LONDON — The World Bank’s board of executive directors is failing to live up to its own standards on gender equality, which is preventing the multilateral development bank from hitting international diversity and inclusion targets, staff say.
Despite setting tough gender equality targets for the World Bank’s staff, only 5 of the board’s 25 executive directors are women — representing the governments of Thailand, Uganda, Nigeria, the United States, and India.
The lack of gender diversity on the board has been the norm for the past 10 years, and extends across the executive team: Only 5 of the bank’s 23 alternative executive directors, who act for the director when they are away, are women, according to a 2018 board report.
For Pro subscribers: A holistic approach to closing the gender pay gap
Rosanna Duncan, chief diversity officer at Palladium, discusses the organization's 'holistic' approach to tackling the gender pay gap.
The power to nominate executive directors lies with the bank’s governors, usually ministers of finance from shareholder countries. While the governors have said that they are in favor of gender diversity at the board level, its makeup continues to be male-dominated.
In contrast, the bank itself has made strong progress on gender and inclusion in recent years. Former President Jim Kim became a HeForShe champion and vowed to close the gender gap within senior management by 2020. The bank’s latest diversity and inclusion figures, seen by Devex, show that women accounted for 49% of senior management in 2019, although it still struggles to hire more women into technical and professional roles.
“Apart from the uncomfortable optics, this imbalance genuinely compromises our ability to achieve Level 3 EDGE certification.”— Daniel Sellen, chair, World Bank Staff Association
The bank was also the first international finance institution to receive EDGE gender certification — a global marker of workforce gender equality — and has vowed to reach level 2 by 2020. It is one of only a handful of public institutions to be certified to date but is behind the Asian Development Bank and UNICEF, which have both already attained level 2 certification.
However, even if the bank reaches level 2, its chances of progressing to level 3 look slim while the board continues to be “one of the least diverse places in the World Bank,” according to Daniel Sellen, chair of the World Bank Staff Association, which has been raising the issue for years. The top EDGE certification requires women to hold at least 30% of board seats.
“Apart from the uncomfortable optics, this imbalance genuinely compromises our ability to achieve Level 3 EDGE certification,” Sellen wrote in a statement, seen by Devex, that was shared with the board and the bank’s president in September. In the statement, Sellen “respectfully ask[s] the Board what they plan to do about it.”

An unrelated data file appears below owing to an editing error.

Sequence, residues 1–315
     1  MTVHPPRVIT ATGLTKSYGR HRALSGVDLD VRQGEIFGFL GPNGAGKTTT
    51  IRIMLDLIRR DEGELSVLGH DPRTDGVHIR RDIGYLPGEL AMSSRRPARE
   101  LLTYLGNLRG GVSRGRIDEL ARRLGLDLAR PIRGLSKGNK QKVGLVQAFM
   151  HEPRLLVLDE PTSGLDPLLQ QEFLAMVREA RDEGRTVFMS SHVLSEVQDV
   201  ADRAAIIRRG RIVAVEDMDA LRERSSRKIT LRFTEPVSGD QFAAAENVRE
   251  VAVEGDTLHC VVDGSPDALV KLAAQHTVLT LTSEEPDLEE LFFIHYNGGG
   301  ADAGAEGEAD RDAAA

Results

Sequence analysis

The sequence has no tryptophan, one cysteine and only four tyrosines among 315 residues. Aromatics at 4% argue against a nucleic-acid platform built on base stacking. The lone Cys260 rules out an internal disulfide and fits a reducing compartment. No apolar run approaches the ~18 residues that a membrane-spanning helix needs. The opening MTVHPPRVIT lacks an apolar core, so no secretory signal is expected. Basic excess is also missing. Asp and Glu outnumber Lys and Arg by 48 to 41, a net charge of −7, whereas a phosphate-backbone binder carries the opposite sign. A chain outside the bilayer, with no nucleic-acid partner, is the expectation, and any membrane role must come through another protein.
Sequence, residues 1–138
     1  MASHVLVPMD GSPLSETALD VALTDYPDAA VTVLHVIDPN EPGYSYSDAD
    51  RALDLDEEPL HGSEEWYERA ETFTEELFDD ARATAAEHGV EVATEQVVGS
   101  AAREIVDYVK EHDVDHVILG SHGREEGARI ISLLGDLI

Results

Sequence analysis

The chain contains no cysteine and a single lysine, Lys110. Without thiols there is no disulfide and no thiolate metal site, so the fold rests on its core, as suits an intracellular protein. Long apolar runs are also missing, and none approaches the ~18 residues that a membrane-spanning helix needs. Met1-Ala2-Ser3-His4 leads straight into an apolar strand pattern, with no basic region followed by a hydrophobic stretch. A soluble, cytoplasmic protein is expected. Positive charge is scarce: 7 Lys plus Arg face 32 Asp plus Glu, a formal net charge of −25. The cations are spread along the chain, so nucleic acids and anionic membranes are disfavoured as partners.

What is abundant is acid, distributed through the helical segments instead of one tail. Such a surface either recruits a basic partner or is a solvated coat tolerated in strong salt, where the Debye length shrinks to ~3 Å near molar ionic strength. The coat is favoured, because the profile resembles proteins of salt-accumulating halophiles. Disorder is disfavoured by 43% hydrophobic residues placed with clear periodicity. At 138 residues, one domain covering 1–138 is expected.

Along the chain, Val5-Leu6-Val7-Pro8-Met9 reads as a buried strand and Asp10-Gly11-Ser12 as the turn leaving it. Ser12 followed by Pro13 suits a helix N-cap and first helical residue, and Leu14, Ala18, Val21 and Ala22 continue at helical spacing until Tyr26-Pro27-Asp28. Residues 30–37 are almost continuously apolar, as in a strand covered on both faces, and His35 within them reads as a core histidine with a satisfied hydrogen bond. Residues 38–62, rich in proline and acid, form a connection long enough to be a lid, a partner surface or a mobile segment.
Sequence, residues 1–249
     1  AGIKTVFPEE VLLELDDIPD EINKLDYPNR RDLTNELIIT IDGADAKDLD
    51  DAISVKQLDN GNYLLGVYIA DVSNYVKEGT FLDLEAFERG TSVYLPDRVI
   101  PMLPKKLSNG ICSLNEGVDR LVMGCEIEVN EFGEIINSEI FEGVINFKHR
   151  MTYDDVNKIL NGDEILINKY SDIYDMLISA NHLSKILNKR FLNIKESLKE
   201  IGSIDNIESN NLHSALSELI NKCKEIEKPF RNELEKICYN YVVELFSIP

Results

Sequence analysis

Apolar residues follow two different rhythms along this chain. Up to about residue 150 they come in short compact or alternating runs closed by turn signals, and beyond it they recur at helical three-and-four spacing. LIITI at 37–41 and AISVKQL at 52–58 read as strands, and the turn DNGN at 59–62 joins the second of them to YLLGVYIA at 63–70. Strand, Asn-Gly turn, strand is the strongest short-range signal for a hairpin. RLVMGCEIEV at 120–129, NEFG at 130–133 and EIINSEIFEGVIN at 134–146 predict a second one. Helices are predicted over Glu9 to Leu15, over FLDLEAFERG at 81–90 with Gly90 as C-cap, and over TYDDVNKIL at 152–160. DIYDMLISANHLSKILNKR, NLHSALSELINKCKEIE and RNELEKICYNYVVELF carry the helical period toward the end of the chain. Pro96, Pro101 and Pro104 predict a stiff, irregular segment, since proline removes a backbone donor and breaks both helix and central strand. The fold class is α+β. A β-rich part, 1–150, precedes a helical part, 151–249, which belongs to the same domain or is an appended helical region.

Executive directors agree there is a problem and have been looking for solutions. In 2018, a working group of executive directors submitted a report to the governors, which recommended that they “recognize the importance of gender diversity when considering candidates for the position of Executive Director,” and try to grow the pipeline of female candidates.
“Everyone wants to see gender diversity on the board and the strength that would bring, but the issue for me is how would you make it happen? The governors are the people who nominate … it’s a sovereign decision of member countries … [and] don’t think you can tell governors that you want the next nominee to be a female,” one executive director, who asked to remain anonymous, told Devex.
Furthermore, many countries that are outwardly strong advocates for gender equality currently have men in the role — such as the Netherlands, Germany, Australia, and the United Kingdom — the executive director observed, saying they are not “walking the talk.”
Another executive director, who also asked not to be named, said that it will be difficult to increase numbers until the board’s work schedule changes to make it easier for women to take the role. Directors currently start two-year terms in Washington D.C. in November, which means moving after the beginning of the school year and can be difficult for those with children, they said.
The 12-strong working group is still meeting — although it recently lost a vocal champion in Christine Hogan, former executive director for Canada, who left earlier this year. Anne Kabagambe, executive director for one of the African constituencies, now co-chairs the working group alongside the U.K’s Richard Montgomery.
Neither of the chairs were available for interview. However, the new U.S. executive director DJ Nordquist told Devex in a statement: “This is an important issue. The female Executive Directors have met to discuss it and we are working together as part of a gender working group to promote diversity and inclusion at the Board.”